Medical billing is the process of submitting and following up on claims with health insurance companies in order to receive payment for services rendered by a healthcare provider.
This task involves several individuals, including:
- Office administrators
- Medical billers
- Medical coders
It is important for any medical practice to know how the medical billing process works in order to avoid facing several problems related to the process.
Six Steps Involved in the Medical Billing Process
Effectively (doing the right thing) and efficiently (doing the thing right) while handling the following steps in the medical billing process is crucial for the success of your revenue cycle.
Step 1: Patient Check-In
The medical billing process starts the moment the patient requests an appointment with the physician. From here, the receptionist or front desk officer gathers patient information, which includes the following:
- Contact number
- Reason for visit
- Insurance provider
- Policy number
It is important to accurately encode this information into the EHR system. Any wrong data encoded may be a cause for a denied or rejected claim in the future.
Step 2: Confirming Insurance Eligibility of the Patient
After recording or updating the initial information, the patient’s insurance coverage should be verified by the office administrator. This includes identifying the list of services covered in the patient’s current insurance policy. The administrator should also be aware of the different billing procedures required by a provider, such as the need for pre-authorization prior to billing.
Once these things have been clarified, the office administrator needs to inform the patient if he or she needs to pay out of pocket for certain services.
Step 3: Handling the Patient Check-Out
All services rendered for the patient must be recorded and placed into the patient’s medical record. This means translating all the diagnoses and medical procedures into medical codes. This is where medical coders enter the picture.
Medical coders determine the diagnoses of the treatments that have been administered to the patient. This is then translated using the ICD or CPT code and encoded into the patient’s ledger.
Here, the patient’s bills, including previous balances (if any) and new charges, are input in relation to any payments the patient or patient’s provider may have paid, all of which are printed and given to the patient in the form of a receipt.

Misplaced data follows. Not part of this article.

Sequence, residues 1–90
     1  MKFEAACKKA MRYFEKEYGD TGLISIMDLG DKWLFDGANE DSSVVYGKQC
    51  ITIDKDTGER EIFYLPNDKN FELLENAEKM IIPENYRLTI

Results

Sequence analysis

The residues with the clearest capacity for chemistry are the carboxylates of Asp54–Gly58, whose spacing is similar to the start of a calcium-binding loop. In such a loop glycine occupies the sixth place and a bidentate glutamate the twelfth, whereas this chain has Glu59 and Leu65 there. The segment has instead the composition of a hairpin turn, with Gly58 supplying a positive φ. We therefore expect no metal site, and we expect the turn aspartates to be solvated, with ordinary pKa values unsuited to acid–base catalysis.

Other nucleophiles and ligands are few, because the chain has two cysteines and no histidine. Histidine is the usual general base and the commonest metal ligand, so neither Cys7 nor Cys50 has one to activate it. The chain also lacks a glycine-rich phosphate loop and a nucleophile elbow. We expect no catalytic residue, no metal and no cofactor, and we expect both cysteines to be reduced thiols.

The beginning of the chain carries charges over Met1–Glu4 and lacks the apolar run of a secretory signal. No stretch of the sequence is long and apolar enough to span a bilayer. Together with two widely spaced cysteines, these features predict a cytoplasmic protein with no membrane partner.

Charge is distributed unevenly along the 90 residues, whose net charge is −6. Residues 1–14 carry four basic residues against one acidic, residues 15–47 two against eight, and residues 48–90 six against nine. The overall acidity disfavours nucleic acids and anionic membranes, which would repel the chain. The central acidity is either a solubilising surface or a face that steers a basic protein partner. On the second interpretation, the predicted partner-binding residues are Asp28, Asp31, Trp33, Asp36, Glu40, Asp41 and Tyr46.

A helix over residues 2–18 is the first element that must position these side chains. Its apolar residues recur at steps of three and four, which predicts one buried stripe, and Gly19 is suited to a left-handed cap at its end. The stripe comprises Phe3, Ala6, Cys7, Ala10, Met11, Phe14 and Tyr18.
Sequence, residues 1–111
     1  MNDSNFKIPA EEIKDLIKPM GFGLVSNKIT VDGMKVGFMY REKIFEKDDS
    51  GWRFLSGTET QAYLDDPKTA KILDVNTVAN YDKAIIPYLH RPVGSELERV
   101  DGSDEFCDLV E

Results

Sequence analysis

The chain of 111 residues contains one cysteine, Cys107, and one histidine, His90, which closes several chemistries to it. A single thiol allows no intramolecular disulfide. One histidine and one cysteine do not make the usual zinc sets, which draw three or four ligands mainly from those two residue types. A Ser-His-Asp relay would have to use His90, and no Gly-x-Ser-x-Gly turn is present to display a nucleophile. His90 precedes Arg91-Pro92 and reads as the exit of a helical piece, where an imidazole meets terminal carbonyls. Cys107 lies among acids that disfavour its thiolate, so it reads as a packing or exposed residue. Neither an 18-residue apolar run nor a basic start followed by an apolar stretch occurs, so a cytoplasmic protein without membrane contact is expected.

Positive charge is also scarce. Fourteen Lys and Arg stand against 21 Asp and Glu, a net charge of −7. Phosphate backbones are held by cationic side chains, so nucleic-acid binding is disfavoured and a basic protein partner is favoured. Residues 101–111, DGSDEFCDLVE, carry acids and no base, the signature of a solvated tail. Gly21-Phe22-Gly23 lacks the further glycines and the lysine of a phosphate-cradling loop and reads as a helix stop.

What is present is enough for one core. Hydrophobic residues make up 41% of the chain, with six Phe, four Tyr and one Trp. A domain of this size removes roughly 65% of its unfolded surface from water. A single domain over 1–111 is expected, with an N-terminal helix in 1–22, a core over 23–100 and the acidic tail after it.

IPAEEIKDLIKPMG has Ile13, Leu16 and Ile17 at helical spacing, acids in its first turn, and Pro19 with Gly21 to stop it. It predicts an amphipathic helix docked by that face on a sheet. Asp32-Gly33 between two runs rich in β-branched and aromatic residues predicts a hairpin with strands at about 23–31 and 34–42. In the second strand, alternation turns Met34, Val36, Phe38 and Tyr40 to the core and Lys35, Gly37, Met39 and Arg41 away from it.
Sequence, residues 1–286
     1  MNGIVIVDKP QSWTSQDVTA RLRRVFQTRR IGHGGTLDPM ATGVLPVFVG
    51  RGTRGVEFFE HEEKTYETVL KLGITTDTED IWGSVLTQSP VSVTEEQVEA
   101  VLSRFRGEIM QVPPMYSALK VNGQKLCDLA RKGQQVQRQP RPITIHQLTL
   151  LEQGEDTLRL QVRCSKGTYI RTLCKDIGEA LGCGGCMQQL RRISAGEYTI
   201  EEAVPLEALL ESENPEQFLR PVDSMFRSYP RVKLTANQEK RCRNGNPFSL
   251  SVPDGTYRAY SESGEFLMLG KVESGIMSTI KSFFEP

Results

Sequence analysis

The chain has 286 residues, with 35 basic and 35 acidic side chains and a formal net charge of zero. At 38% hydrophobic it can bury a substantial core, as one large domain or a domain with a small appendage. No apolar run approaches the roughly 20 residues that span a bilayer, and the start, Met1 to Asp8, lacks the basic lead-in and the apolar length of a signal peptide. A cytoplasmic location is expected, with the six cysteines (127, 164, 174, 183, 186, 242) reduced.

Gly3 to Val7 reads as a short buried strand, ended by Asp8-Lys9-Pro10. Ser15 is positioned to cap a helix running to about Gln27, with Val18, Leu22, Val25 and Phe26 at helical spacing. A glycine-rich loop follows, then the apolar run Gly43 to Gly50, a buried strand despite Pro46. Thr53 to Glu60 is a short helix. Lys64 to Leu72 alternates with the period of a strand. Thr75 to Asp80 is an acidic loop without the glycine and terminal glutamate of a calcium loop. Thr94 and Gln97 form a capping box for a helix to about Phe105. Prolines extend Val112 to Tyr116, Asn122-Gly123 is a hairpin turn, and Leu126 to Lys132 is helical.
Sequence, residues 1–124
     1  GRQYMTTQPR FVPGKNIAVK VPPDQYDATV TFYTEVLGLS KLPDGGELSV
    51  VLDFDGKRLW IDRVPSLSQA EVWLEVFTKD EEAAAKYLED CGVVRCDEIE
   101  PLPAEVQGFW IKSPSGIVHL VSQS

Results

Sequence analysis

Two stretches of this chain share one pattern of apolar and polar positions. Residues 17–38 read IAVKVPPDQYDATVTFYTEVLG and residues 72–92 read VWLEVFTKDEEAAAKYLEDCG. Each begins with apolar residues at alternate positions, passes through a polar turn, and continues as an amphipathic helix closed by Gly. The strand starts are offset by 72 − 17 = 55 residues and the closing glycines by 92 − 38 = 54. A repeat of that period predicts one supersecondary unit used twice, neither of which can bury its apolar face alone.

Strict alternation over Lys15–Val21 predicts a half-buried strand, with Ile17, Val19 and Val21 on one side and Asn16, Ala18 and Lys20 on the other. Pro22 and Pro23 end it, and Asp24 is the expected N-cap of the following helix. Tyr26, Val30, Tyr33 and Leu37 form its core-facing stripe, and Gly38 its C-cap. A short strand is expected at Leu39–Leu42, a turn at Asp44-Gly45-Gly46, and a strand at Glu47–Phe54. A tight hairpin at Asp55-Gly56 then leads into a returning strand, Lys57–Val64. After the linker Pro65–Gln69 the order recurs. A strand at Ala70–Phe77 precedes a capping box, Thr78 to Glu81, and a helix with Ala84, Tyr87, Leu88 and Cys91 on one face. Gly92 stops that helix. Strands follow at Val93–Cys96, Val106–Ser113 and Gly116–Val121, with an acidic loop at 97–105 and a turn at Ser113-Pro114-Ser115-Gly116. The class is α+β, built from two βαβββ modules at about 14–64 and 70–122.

Step 4: Accurately Transmitting the Medical Claim
Now that the diagnoses and treatment services have been properly coded, it is time for the billers to transmit the medical claim to the insurance provider. However, before this is transmitted, it needs to be reviewed internally. This means adhering to written standards and procedures designed by your organization to reduce erroneous claims and fraudulent activity.
This ensures all data has been accurately entered electronically into provider’s system through a clearinghouse or directly to the provider, such as Medicaid.
Step 5: Receiving the Payment
Once the medical claim is received by the insurer, it is reviewed and evaluated. The insurer determines if the entire or just a portion of the bill should be paid, or if it should be denied. All of this depends on the policy and the contract the patient signed with the insurer.
Step 6: Billing the Patient
There are instances wherein the patient needs to pay for the remaining bill not covered by the provider. This is the reason why some insurers and healthcare providers implement a co-payment policy.
If the patient fails to pay the bill accordingly, it is the responsibility of the healthcare provider to followup with the patient through a collection process. Thus, it is important to explain to the patient upfront about the entire medical billing process.
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